By |Published On: March 31st, 2021|Categories: Media Psychology, Pam Rutledge, School of Psychology|
Doctoral faculty, Media Psychology
March 30, 2021

What Goes Up, Can Come Crashing Down.

Many successful people will tell you that fame is illusory at best.  That doesn’t make wealth, privilege and adoration look less fun from the outside. Social media fame is particularly alluring when we hear stories of ‘overnight’ success and the economics of monetizing millions of followers based on personality, chutzpah, and the ability to attract attention are the critical talents, not years of studying Method Acting or busking on street corners.  Fame can come quickly as memes spread and followers, like moths to a flame, go with what burns brightest.  Celebrity has its perks, but it also can undermine values and encourage bad behavior, especially when fame is accompanied by a lack of (or lag in) accountability. Audacity, however, is only as sustainable as the last outrageous prank and, ultimately, can’t offset bad behavior.  The cost is immediate, as we see with the mass exodus of sponsors from David Dobrik’s social channels over accusations of sexual misconduct against one of Dobrik’s Vlog Squad members.


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Social media fame is more fragile and less likely to be endure compared to the celebrity of actors and musicians.  It may seem like some traditional performers became famous “overnight,” but almost all worked for many years cultivating their craft and building a resume, hoping for a break-out moment.  While traditional celebrity certainly takes advantage of social media for fan engagement, social media fame is different.  It has created a new class of celebrity–Influencers–that takes advantage of network connectivity, peer-to-peer communication and bandwagon behaviors so information and influence spread faster. This works well for fame based on the ability to attract attention through zealous extroversion, appeal, and a willingness to push the envelope rather than traditional performance skills.

While some Influencers are able to monetize their fame at the peak, there is no long-term security in a skillset that is reliant on fans searching for the next new thing.  This means that social media fame relies more on the fans’ sense of connection to the Influencer rather than the Influencers talent and skill.  Success is defined by the fans’ attachment for the Influencer and the psychological pay-off they get from the sense of affiliation and fan identity. The perception of a relationship, albeit one-sided is what Horton & Wohl (1956) defined as a parasocial relationship. This sense of connection is enhanced by production techniques that emphasize ‘realness’ and authenticity, unscripted spontaneity, breaking the fourth wall (speaking directly to the camera lens), and encouraging interactivity through comments and sharing.  The illusion of personal connection if further amplified by content designed to activate emotions—humoranxiety, or disgust.  It doesn’t matter as long as there is some emotional reaction to the content that makes it more memorable, sharable, and, dare I say, meaningful.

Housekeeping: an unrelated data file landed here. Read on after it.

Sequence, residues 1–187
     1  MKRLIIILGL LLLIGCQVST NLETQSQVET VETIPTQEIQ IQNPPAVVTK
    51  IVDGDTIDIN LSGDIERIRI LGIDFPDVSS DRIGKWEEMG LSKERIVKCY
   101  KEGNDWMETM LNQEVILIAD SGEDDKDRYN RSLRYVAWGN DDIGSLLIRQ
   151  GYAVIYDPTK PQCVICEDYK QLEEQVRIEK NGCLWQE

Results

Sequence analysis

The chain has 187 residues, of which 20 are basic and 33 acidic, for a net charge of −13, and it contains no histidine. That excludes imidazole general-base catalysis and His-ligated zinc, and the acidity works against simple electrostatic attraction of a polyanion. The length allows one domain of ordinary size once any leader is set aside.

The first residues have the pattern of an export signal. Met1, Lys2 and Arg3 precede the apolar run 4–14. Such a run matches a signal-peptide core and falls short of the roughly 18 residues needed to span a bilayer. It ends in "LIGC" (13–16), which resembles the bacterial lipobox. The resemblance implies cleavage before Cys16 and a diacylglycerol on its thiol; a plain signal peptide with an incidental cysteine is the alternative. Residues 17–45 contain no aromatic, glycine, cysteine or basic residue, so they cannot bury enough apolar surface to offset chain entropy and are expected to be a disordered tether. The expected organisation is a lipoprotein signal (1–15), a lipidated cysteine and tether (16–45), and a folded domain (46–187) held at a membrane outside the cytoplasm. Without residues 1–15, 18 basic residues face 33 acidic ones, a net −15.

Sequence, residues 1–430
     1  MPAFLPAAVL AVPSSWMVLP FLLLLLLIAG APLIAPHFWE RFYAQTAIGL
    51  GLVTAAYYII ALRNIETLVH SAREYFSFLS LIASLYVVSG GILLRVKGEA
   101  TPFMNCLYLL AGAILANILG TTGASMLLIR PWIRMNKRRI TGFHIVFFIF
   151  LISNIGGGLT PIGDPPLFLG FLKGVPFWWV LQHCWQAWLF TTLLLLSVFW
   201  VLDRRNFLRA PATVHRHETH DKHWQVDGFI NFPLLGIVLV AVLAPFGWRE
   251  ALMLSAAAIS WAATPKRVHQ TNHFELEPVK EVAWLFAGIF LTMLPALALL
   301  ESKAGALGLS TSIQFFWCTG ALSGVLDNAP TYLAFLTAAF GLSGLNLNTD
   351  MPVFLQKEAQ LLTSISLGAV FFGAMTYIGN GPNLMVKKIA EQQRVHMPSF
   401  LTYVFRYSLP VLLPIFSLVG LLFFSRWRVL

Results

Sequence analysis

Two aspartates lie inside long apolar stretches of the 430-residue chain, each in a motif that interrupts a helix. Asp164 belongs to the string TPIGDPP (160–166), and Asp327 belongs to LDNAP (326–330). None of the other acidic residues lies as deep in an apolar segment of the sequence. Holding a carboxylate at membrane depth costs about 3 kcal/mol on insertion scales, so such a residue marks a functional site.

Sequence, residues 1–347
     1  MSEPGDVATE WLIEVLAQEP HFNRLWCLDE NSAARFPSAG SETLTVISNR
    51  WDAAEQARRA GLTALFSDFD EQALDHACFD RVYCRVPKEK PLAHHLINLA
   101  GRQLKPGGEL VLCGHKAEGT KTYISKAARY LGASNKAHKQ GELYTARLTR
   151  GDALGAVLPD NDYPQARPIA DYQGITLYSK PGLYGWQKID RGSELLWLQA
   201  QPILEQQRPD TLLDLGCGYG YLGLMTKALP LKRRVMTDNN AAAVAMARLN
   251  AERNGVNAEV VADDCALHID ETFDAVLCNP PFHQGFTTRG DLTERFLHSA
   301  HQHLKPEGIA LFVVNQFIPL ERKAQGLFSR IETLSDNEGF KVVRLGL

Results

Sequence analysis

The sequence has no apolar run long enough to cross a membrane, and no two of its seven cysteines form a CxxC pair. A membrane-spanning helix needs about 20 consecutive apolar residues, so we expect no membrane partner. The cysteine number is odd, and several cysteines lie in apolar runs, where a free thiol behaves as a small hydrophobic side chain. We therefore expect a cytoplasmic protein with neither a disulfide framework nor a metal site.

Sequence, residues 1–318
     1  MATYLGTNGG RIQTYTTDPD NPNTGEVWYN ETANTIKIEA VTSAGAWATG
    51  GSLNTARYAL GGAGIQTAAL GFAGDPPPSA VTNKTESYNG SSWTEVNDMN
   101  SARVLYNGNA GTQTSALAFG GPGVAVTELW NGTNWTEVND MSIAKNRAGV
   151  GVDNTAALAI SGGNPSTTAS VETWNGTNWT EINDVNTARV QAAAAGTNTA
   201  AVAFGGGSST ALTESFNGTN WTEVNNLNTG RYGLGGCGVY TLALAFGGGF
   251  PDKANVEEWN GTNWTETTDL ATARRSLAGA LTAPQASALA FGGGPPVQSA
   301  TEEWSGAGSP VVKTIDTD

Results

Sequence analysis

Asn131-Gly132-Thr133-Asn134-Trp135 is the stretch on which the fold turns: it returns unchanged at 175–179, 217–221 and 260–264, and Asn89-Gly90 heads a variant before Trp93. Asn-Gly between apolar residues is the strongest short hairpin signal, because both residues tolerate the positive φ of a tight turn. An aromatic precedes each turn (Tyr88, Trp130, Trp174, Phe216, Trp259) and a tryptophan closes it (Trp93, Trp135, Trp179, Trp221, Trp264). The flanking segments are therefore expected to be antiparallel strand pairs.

When an actor gives a bad performance, fans may be disappointed, but they do not feel personally rejected or offended.  By contrast, social media fame is a much more personal relationship. Fans relate to the Influencer as if they knew them and are more likely to feel disappointed, disrespected, or rejected by Influencers behaving badly or violating social norms that their fans endorse. Fans are also more likely to be drawn into Influencer drama and follow the crowd when tides turn.  There’s no social capital in being a fan of a has-been or social outcast.

Celebrity can be stressful and even disorienting (Turner, 2014).  For Influencers, there is no difference between their public and private selves.  While they may be playing a “role” in their minds, they are not in the eyes of the audience.  Fans are more reactive than ever right now, thanks to the strain and anxiety from COVID.  Social isolation makes Influencer relationships more impactful and suffering disappointment over them more intensely felt.

In the US, we love to put celebrities up on pedestals as if they were ‘above it all.’ When they misbehave, as most do when they believe in their own superiority, we take great relish pulling them back down to earth to show them and us that they’re not so special after all.  It makes us feel better about ourselves.

This is a tough time to tumble down from the heights.  Between the social hypersensitivity to social justice issues and the knee-jerk tendency to ‘cancel’ people based on the behavior or word of others (often without nuance or regard to facts), there is a perfect storm for a crash and burn event like Dobrik’s that few Influencers can withstand.  Brands are subject to the same consumer whims that drive fan behavior but, unlike celebrities who can sometimes benefit from bad press, brands don’t have that luxury.  They will jump ship at the first sign of any serious social transgressions.  For Influencers basking in sudden fame and wealth, the trajectory down from those dizzying and lucrative heights can be equally steep.


Horton, D., & Wohl, R. R. (1956). Mass Communication and Para-social Interaction. Psychiatry, 19, 215-219.

Turner, G. (2013). Understanding Celebrity (2nd ed.). Sage Publications.


Pamela Rutledge, PhD, MBA, is Media Psychology doctoral faculty in the School of Psychology at Fielding Graduate University. Dr. Rutledge is also the Director of the Media Psychology Research Center located in Southern California. She teaches and consults on a variety of media projects dealing with audience narratives and engagement, data strategy and communicating brand meaning through storytelling.


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